On Tuesday, April 24, 2007, MARY CARTER SMITH, Griot of Maryland internationally renowned storyteller, historian, author, radio personality and beloved family elder, ended her journey here on earth. One of her major goals in life was to perpetuate the art of storytelling from generation to generation. Her love for children and all people pervaded her life's work of storytelling, writing, singing, dancing, laughing and praying. She is survived by her cousins Joan S. Stevenson, Douglas G. Stevenson and other cousins, relatives and friends.
ENTERTAINMENT
By Sloane Brown | January 2, 2000
Kwanzaa was welcomed at the Great Blacks in Wax Museum with a show of umoja, or unity, one of the seven guiding principles the African-American holiday celebrates. The museum was packed with 250 guests and performers to celebrate the first of seven days of Kwanzaa. The evening's program also was packed -- with entertainment -- including a performance by the Golden Rockettes Senior Citizen Dancers, which event coordinator Liz Byrd said "stole the show." Among the friends and families in the audience: Dr. Joanne Martin, museum executive director; Deborah Pierce-Fakunle, museum board member, and her son David, 12; the Rev. Michael John Baylor, museum curator; Gene Stinnette, museum construction designer; Minister Kamau Kenyatta, Baltimore City school social worker; Antonio Wilkens, MCI sales representative; three generations of the Hickman family, from grandmother Maebelle to Shontrell Schumper, 5; Miriam Charles, postal worker, with grandchildren Isiah, 5, and Cynnamon, 7; and Mary Carter Smith, Baltimore area griot.
NEWS
March 28, 1998
THE BALTIMORE CITY Commission for Women today will induct five new members into its Women's Hall of Fame.They are:Bertha "Betty" Albornoz, the co-founder of Friends of the Colombian Child, an organization that aids children's institutions her native Colombia.Sister Helen Amos, chief executive officer of Mercy Medical Center.Doris Brightful, a retired community health nurse active incommunity and religious organizations.Dr. Flossie McClain Dedmon, for 32 years a teacher, administrator and dean at Coppin State College.
NEWS
By Frederick N. Rasmussen | December 16, 2006
She's known as "Mother Griot" or "Mother Mary," and for most of her 87 years, Mary Carter Smith, a professional storyteller, has been entertaining children and adults with tales she has collected from Africa, Ireland and the Appalachians. "Actually it's a French word that is pronounced gree-oh rather than gree-ott," said the retired schoolteacher and librarian the other day, who was named Baltimore's griot in 1983, and state griot in 1991. Born in Birmingham, Ala., she was raised in Youngstown, Ohio, and Baltimore.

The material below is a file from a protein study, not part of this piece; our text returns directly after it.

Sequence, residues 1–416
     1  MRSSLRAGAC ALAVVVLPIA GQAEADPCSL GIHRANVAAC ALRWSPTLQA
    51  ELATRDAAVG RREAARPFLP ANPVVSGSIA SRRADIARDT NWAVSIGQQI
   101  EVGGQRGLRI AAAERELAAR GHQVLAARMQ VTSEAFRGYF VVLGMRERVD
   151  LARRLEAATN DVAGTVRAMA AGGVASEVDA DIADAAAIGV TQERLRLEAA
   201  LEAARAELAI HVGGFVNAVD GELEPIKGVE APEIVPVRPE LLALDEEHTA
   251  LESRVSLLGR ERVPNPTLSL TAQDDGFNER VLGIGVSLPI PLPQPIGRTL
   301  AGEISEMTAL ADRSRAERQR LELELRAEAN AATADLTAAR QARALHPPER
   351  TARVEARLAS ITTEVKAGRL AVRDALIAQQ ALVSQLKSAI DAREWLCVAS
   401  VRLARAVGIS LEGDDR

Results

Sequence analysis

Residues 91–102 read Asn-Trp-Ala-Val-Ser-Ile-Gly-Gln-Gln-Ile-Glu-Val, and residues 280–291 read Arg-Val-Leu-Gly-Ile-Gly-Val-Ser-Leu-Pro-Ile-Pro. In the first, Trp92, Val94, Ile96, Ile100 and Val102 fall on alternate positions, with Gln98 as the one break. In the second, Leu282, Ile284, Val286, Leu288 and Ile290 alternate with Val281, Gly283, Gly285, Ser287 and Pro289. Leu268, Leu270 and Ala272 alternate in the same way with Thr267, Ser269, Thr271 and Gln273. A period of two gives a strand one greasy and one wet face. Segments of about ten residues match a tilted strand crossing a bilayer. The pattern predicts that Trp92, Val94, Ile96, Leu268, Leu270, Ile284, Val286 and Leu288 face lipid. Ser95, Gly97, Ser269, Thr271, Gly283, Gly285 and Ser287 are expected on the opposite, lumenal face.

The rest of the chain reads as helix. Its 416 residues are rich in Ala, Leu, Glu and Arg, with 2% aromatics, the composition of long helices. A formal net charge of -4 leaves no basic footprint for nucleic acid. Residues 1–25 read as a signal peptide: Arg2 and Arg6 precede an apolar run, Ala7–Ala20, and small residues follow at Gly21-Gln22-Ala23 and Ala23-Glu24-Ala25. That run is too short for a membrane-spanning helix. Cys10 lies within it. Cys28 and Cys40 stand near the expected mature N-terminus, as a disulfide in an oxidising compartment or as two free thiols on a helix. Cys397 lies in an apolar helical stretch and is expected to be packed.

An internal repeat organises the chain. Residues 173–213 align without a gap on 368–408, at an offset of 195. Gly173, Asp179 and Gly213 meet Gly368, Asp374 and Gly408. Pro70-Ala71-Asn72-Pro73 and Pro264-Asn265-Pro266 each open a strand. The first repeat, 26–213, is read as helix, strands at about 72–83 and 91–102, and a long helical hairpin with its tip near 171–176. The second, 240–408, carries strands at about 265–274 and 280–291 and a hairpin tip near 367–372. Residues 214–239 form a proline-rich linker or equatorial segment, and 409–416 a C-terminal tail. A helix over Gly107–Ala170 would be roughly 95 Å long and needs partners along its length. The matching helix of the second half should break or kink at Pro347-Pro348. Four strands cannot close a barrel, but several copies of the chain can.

NEWS
By Jamie Stiehm and Jamie Stiehm,SUN STAFF | July 11, 1999
In Africa, griot means storyteller. In Baltimore, it means Mary Carter Smith. The city's official griot -- who recently marked her 80th birthday -- is on the air, encouraging a boy 67 years her junior to read a poem. It is about another eccentric city by the water, San Francisco: But I was young and dreamful. Dreams were the best of me. And I, to San Francisco, Came dreaming from the sea. The poem was part of a broadcast of Smith's weekly Saturday radio show on WEAA-FM (88.9)
FEATURES
By Sandra Crockett and Sandra Crockett,SUN STAFF | December 29, 1995
Mary Carter Smith is a renowned Baltimore storyteller with a tale to tell. This time, though, it's not someone else's story, but her own. And it is as much a revelation as the many stories she spins for her audiences in her deep, commanding voice.Almost from the beginning, Mrs. Smith's life was marked by loss. She was 5 and living with her grandmother in Youngstown, Ohio, when her mother, Eartha, was shot to death by her stepfather in New York City. Her mother was 22.They brought her body home to Youngstown for the burial.
FEATURES
November 7, 1992
The Tenth National Festival of Black Storytelling will be held Wednesday through Sunday at the Radisson Plaza Lord Baltimore Hotel, co-sponsored by the Griots' Circle of Maryland and the National Association of Black Storytellers.The festival -- this year's theme is "Still Talking that Talk" -- will workshops, storytelling, a "liars contest" and tours of African-American historical sites.The festival includes a storytelling concert and awards ceremony at 8 p.m. Friday at Morgan State University's Murphy Fine Arts Center.